If I were to create a list of signals for investors that should say “run away”, or if I were to suggest to a business the things they should never allow to become a trend in their financial reports then they would have to be these seven things. I will exclude fraud in this discussion. It is my personal belief that in today’s investment climate the lowest risk companies are also the highest performing shares to buy.
The characteristics of the opposite (high risk businesses) are these among others:
1. Slow inventory turnover
Measured with a ratio or another way, Inventory that tends to stagnate in part or as a whole shows that the business is not selling it. If it is not selling it is either wasting or becoming obsolete or simply attracting warehousing costs. The theory of cash conversion cycle fits into enabling one to analyse how long it takes to generate cash from typical business operations. These can be compared to previous periods, or to similar businesses, or to industry averages.
2. Collecting money owed by debtors too slowly
How slow is too slow? Too slow is any time longer than the rate at which suppliers (or creditors) are paid. The difference in timing means that the business is paying out cash quicker than it receives it. This in the extreme cases can cause cash flows to disappear and debts to increase. Accounts Receivable should be monitored with ratios or other means and not allowed to move at a slow rate. The delaying payment is not an excuse not to pay creditors, or incur extra charges due to late payment or lose out on discounts – only to ensure that the time value of money principle is applied correctly.
3. Paying suppliers too quickly.
Paying creditors before the last sue date has several disadvantages. The first is that the business does not have enough time to collect it’s own money from it’s debtors. Even if the business does have the funds to repay the creditor it should still try to hold on to the money until the settlement date to earn interest. The money could be invested in temporarily covering overdrafts or being invested for interest in short term investments. The interest earned (or saved) represents an additional income or cost saving that will improve the appearance of the income statement.
4. High levels of debt
The higher the proportion of debt the more likely a business is to fail because of the cost to maintenance the debt. Debt is often sensitive to interest rate movements which impact the highly indebted businesses more so than those who mostly consist of owner’s investments. Simple ratios such as Debt/Asset can give indication done by dividing the Total Liabilities by the total Assets of the firm. Many other ratios exist to help see how well the business can cover it’s interest owed. Signs of excess debt include negative net cash flow on the statement of cash flows (regardless of profits declared), high debt to asset ratio, interest paid exceeds interest earned for the period (for financial institutions), high leverage ratios, and others.
5. Market mis-pricing
Businesses sometimes price themselves out of the market and this causes their sales to collapse. Some businesses such as strict franchisees are not in control of their prices and have to hope that they are priced correctly. This causes franchises to be successful in specific income earning regions and unsuccessful in others. Other businesses are in control but are not sensitive to the changes in demand and supply of the product they trade. Sometimes a 50% decrease in price can increase overall sales by 26% – the end result is more profit. Other times, businesses have to take advantage of supply shortages and increase their prices.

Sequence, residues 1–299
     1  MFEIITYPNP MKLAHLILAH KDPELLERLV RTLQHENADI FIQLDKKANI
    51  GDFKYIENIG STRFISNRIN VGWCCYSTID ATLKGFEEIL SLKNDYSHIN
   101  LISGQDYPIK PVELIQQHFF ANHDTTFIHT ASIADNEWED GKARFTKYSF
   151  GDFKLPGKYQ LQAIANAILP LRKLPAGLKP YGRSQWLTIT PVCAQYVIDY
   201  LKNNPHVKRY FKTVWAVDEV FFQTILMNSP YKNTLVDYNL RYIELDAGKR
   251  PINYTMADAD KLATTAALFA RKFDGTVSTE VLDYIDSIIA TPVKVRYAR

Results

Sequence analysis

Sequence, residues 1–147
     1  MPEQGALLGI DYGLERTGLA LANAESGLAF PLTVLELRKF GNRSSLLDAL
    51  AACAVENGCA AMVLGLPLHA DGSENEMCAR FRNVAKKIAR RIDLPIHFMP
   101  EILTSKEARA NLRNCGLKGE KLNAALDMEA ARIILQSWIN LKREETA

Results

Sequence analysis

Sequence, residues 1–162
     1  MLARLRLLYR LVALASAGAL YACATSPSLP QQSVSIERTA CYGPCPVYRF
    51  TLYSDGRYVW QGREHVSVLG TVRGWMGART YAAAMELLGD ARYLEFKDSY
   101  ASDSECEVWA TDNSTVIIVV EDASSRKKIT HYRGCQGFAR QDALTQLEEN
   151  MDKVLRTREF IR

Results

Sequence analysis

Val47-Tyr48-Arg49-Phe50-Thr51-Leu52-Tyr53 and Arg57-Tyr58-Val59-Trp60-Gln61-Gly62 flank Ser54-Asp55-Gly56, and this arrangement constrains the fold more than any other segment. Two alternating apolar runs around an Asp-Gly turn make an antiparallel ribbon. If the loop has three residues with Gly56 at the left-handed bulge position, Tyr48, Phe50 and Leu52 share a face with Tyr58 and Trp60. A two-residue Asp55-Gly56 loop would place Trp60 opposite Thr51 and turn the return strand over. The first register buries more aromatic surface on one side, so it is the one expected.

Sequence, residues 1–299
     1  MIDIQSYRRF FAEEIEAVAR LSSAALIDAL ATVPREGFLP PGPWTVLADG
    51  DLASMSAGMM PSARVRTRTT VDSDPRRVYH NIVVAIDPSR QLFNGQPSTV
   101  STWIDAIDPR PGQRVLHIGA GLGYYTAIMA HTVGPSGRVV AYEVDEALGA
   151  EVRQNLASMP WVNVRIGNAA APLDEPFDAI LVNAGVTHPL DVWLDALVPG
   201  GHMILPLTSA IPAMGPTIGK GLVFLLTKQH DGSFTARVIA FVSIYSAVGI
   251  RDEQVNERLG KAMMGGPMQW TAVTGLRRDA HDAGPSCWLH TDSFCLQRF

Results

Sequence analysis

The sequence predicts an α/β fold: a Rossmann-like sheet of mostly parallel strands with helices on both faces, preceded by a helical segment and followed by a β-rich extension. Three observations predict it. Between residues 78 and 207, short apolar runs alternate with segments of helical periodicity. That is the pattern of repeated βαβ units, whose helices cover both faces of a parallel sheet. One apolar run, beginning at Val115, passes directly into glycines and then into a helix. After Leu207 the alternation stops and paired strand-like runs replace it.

6. Poor use of assets
Asset misuse is comparable to hoarding and relates to idleness and underutilisation of what is already under control and paid for. Assets which could generate revenue if they were leased out, or sold, or removed from lease agreements to save costs. In short every square centimetre that does not produce revenue needs to be revisited.
7. Mistiming and poor forecasting of cash flow
Businesses in trouble are often those who have not planned assets at the right time to cover their liabilities which were either certain or highly likely. Also those who base their decision on unrealistic expectations such as investing in the hope that it will generate returns without sufficient research and testing done first.
This is often because planning function does not exist, or not enough time has been dedicated into planning. It is important to make provision for future expenses that are known and timing them with incomes which are certain, this would mean making the money available when it is needed and investing it when it is not so that the maximum returns can be achieved.
As I have mentioned these are some signs among many others. However, these are the sure overall principles used over time by investors to test business performance.
International accounting policy can change but the underlying principles do not. It is important that every business only act in a way that is profitable to act, and if there is no profit to be made with an action, then it is not profitable to act at all.